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21 January, 2018

Tired of US “aid” (exploitation), Africa and Global South look to China

How much can Raytheon, Mastercard, Nokia, Monsanto and the like be trusted to invest in long-term outcomes in the global South? When you see the actors behind U.S. ‘aid and development’ in Africa, is it any wonder that African leaders would look for any other partner to work with?

by Jim Carey

Part 2 - U.S. investment and aid: philanthropy is business

In order to better understand how U.S. aid and investment in infrastructure work in Africa, it’s best to look at the Western corporations that function as “philanthropy contractors.” One of these U.S.-based philanthropic giants that dominate aid and development in Africa is the well-known Bill & Melinda Gates Foundation.

One prime example of how U.S. aid organizations operate in Africa is a Gates Foundation initiative that was launched in Nairobi, Kenya, where the foundation created a series of “financial inclusion labs” in a partnership with Mastercard. The Mastercard project, launched in 2014, was a part of the Gates Foundation’s “Financial Services for the Poor” program, meant to provide more access to “digital payment options” for people in the global South.

Publicly, what this project did was provide electronic payment services to citizens of Nairobi because payment-processing giant Mastercard just felt bad they didn’t have them.

In reality, what the project did was secure the market of Nairobi and the users of the Mastercard system as customers for the corporation, without Mastercard actually having to risk any of its own money. Mastercard even confirmed that this was their reasoning in a press release issued at the time, which said the grant from the Gates Foundation gave Mastercard access to “new markets that may otherwise be commercially unviable” by paying all of their costs to enter the market.

The Gates Foundation uses its influence to aid other corporate partners to secure contracts in Africa too. One such company that Bill Gates is a personal cheerleader for is agriculture giant Monsanto, which the Gates Foundation portrays as a key partner in ending world hunger. Monsanto has a reputation for using the vulnerability of countries in need of agricultural aid to its own advantage to crush local production networks, as it attempted to do in Haiti after the 2010 earthquake, which eventually led to protests by farmers, with some even burning Monsanto seeds.

These kinds of protests surrounding Monsanto’s effects on local economies have also played out in Africa — one example being Kenya, where GMO imports were banned in order to protect Kenyan agriculture. When the government tried to reintroduce GMO food, all sectors of Kenyan society took to the streets to voice their opposition. Since implementing this ban, Kenya has faced pressure from none other than the Gates Foundation, which is spending its time, money and political capital on behalf of Monsanto to reverse the ban on GMO imports.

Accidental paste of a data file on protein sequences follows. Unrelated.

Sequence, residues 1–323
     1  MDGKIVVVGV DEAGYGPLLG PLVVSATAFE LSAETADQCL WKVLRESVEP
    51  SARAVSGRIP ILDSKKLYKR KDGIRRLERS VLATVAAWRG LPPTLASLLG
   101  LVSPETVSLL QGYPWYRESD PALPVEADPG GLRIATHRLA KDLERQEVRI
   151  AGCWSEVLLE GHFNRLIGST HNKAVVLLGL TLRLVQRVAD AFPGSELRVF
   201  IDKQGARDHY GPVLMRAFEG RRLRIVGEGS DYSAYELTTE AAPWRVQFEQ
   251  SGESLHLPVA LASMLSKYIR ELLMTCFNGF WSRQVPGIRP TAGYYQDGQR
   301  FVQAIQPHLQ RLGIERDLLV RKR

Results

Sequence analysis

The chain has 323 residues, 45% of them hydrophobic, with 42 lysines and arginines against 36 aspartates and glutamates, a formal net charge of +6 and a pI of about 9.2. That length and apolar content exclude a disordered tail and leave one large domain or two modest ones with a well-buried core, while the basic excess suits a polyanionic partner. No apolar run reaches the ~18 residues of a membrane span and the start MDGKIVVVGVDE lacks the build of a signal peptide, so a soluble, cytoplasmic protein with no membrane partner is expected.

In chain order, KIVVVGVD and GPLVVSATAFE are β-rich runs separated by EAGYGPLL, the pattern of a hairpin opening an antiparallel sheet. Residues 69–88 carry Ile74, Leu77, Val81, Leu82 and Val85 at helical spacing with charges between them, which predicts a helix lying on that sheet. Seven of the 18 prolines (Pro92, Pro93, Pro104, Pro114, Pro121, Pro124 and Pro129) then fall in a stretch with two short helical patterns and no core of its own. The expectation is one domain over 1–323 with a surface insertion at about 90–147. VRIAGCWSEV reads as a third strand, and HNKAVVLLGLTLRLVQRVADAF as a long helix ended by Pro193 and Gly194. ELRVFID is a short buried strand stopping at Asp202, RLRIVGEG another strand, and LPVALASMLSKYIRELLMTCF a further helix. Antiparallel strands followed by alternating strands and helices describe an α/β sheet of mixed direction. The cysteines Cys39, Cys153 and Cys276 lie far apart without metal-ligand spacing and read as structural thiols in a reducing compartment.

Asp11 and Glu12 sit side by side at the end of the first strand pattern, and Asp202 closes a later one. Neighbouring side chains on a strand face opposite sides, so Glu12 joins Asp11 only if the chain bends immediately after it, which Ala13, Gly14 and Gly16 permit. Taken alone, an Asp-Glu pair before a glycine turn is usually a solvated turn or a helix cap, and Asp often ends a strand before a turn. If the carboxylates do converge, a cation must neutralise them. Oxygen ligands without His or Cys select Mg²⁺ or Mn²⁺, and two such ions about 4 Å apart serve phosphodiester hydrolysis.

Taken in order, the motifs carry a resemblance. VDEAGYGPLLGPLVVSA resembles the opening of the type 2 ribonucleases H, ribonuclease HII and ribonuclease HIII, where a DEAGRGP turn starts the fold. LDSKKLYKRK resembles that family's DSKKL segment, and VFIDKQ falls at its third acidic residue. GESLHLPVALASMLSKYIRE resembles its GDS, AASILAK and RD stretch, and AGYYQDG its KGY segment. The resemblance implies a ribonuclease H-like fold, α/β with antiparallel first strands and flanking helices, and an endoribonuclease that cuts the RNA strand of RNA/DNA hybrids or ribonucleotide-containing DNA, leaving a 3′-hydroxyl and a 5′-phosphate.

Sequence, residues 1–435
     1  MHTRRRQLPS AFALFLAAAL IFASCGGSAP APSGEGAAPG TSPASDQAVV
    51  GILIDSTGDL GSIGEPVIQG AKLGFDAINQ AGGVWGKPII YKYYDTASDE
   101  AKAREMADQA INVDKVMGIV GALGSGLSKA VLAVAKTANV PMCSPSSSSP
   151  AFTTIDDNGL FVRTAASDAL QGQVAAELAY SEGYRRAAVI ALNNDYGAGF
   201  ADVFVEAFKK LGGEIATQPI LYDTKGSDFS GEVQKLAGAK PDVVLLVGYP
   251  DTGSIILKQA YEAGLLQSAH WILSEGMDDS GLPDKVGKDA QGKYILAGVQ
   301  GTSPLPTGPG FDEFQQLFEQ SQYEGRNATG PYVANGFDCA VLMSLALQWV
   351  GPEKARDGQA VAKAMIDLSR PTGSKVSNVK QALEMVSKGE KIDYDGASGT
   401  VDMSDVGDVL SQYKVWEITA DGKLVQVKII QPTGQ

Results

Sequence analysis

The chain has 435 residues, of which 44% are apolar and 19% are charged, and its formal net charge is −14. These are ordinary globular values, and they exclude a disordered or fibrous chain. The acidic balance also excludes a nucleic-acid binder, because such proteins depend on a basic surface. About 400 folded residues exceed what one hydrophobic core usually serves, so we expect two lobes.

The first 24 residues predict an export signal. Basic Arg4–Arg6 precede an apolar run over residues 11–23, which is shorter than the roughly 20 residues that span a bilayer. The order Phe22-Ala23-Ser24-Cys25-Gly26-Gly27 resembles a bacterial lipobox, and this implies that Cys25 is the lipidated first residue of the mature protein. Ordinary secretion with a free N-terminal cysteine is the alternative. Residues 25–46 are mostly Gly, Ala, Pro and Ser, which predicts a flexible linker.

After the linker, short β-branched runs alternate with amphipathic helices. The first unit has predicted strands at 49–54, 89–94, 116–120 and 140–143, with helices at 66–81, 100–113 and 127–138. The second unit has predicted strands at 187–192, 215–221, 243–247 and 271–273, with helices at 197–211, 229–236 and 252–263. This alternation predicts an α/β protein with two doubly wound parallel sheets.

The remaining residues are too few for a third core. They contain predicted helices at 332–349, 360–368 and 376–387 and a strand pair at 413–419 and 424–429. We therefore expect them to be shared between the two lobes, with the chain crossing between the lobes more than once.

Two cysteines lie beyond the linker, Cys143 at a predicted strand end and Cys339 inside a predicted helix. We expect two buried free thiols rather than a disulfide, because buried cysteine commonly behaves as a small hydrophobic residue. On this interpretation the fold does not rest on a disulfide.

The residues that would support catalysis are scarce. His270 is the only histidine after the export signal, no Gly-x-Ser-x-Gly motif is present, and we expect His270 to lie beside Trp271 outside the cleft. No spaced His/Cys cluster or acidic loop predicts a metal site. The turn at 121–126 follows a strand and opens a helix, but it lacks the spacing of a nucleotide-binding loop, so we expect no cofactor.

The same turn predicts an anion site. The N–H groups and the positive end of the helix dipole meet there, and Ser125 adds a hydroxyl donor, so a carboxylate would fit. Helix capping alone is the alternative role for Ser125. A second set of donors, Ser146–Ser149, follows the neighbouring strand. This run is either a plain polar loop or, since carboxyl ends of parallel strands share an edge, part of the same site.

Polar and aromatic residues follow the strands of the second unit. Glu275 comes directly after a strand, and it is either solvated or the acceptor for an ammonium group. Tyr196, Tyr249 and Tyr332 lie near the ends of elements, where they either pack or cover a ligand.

The Gates Foundation even practices this form of philanthropic blackmail at home in the U.S. The prime example of this was the Foundation’s championing of “Common Core” programs in schools. Common Core, which continues to be highly unpopular among U.S. parents, is an initiative pushed by the Gates Foundation, with pressure applied through the policy that the charity would not provide money to schools that didn’t implement their approved curriculum.

Clearly, these practices aren’t limited strictly to the Gates Foundation, Mastercard, Monsanto, or any other single U.S. corporation. Another example that was highlighted last year during the U.S. presidential election was the Clinton Foundation, its donors, and its contract recipients in reconstruction and aid projects.

It is in this framework that one can see that the U.S. philanthropy industry doesn’t necessarily act as an altruistic charity but rather as a source of corporate subsidies disguised as altruism.

These foundations partner with everyone, from defense contractors to foreign despots — convenient and seemingly indiscriminate couplings that should make anyone question their motives and how well the corporations responsible for many of the world’s problems can really be trusted to solve them.

How much can Raytheon, Mastercard, Nokia, Monsanto and the like be trusted to invest in long-term outcomes in the global South? When you see the actors behind U.S. ‘aid and development’ in Africa, is it any wonder that African leaders would look for any other partner to work with?

It just so happens that Africa has found a much more reliable partner that is rising to the rank of a global superpower.

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